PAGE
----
Men, women, violence, patterns

by Phyllis Zagano

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Please answer in 750 words or fewer: What is the deal with men's violence against women?

I do not get it. Do you? It seems there is an epidemic of horrendous acts against women around the world.

This past fall in Pakistan, a man shot 14-year-old Malala Yousafzai in the head. She had blogged for the BBC about life under the Taliban. The world's media eye monitored her medical treatment in England. She's won awards. They're naming a girls' school after her. She is still recovering.

That was bad. This is worse. In India in mid-December, six men raped and sodomized a 23-year-old female physiotherapy student. On a bus. With a metal rod.

They flew her to Singapore and kept her alive for two weeks until she died.

In Pakistan and elsewhere, the cry is "we are all Malala," and most of India seems to be protesting the student's death. There is little evidence the protests will change anything at all. Can they?

The New York Times reports a third of New Delhi's female population was sexually harassed in the year prior to a recent survey. One percent complained to the police. Why? Ask any woman. There is danger in reporting trouble. Just last week, two men raped an 18-year-old woman in India's Punjab State. She complained. Then policemen humiliated her, making her describe the attack over and over and over again. She committed suicide.

We can blame violent video games and movies. We can blame poverty and boredom. In some countries, the problem seems to be too many men and not enough women. In India, where girls are often aborted (or, some say, killed at birth), there are 15 million unattached males between the ages of 15 and 35. That number may double by 2020. What will the future bring?

It goes beyond India. China's one-child policy also translates to a superabundance of males. Nearly 10 years ago, Texas A&M political science professor Valerie M. Hudson and her British colleague, Andrea M. den Boer, wrote about Asia's gender imbalance in a book called Bare Branches (the Chinese term for surplus young adult males). The professors say the lopsided statistics in Asia -- it is home to 40 percent of the world's population -- have deep security implications.

Hudson and den Boer bluntly state that an overabundance of men portends both domestic and international violence. What's a country to do with all those men? Public works projects and the military spring immediately to the governmental mind, which they say concurrently plans to deepen its authoritarian political system.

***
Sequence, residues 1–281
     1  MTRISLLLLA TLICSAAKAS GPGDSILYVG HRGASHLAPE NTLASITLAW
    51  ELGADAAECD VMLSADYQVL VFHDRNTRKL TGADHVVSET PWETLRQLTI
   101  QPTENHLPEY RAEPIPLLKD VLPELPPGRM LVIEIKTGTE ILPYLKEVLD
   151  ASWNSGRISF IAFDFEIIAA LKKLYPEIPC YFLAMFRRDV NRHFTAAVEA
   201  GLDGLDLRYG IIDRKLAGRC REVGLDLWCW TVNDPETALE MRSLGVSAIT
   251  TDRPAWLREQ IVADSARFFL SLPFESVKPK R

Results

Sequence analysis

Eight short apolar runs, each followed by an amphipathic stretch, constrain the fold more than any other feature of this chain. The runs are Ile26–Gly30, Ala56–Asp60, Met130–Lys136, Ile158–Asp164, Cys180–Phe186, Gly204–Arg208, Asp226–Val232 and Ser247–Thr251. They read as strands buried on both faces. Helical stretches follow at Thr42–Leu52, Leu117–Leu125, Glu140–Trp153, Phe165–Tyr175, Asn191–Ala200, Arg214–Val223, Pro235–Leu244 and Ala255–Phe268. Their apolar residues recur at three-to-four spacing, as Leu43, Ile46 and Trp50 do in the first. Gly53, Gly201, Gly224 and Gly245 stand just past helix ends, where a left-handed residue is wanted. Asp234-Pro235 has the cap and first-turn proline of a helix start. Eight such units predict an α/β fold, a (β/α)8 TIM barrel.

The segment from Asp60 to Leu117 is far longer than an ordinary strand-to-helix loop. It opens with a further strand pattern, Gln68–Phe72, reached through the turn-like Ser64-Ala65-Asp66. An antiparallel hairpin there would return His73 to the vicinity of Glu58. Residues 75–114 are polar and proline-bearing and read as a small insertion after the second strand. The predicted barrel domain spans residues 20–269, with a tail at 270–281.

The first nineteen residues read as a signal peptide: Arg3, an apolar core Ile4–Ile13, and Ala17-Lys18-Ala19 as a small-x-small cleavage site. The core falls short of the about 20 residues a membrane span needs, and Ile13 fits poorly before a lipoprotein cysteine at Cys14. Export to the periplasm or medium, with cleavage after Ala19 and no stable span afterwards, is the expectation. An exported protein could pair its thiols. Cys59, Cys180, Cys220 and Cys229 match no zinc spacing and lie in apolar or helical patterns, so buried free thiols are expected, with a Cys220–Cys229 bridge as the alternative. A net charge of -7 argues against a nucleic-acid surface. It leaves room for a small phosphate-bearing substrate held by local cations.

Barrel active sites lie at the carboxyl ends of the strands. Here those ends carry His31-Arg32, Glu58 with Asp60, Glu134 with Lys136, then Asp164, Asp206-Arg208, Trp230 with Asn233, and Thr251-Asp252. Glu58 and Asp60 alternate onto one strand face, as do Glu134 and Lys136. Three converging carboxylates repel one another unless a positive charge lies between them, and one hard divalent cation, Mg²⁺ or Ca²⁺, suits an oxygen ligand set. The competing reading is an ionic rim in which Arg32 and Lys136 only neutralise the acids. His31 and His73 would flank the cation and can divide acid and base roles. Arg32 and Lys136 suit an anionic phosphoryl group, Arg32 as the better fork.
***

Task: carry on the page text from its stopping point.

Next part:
And woe to anyone who recommends rebalancing an authoritarian system. The problem reaches far beyond Asia. Even in the West there are bastions of maleness -- both upper and lower class --that guffaw at the thought of a woman in power, a woman making decisions. There are still pockets of "she was asking for it" -- witness the Italian priest (who was thankfully reprimanded) who complained not long ago about the way women were dressing and "upsetting" men.

Will it ever end?

I believe Christianity is the antidote to any leanings toward meanness or violence. But more than half the world's Christians are in a church that does not appear to treat women as equals. The media encourage that view, and so lots of static blocks transmission of the real message.

True or not, world media portray Catholic women as downtrodden and unfree. Control seems the name of the game. (NCR reported recently that the nearly retired Cardinal William Levada, then head of the Congregation for the Doctrine of the Faith, read all eight pages of his Leadership Conference of Women Religious investigation to the four U.S. sisters assembled before him last April. More likely his young San Francisco priest secretary voiced the damning document, nearly simultaneously published on the Vatican's website. The doctrinal assessment report includes errors. What is their recourse?)

One hopes the U.S. bishops will deal honorably with LCWR. One hopes that the men of Pakistan and India and China will look more favorably on women and girls. One hopes that the many terrible wrongs in overwhelmingly male systems -- whether wars or rapes or homicides or just plain disrespect -- will shrivel in the light of the world's religious wisdom.

There is a long continuum from humiliation to rape. One may not lead to the other, but they are connected. No matter whether with manicured managers or filthy hooligans, the problem remains. There are too many "bare branches" in our world. There is too little respect for women.

[Phyllis Zagano is senior research associate-in-residence at Hofstra University and author of several books in Catholic studies. Her most recent books are Women & Catholicism (Palgrave-Macmillan), Women in Ministry: Emerging Questions about the Diaconate (Paulist Press) and Women Deacons: Past, Present, Future (with Gary Macy and William T. Ditewig), (Paulist Press).]

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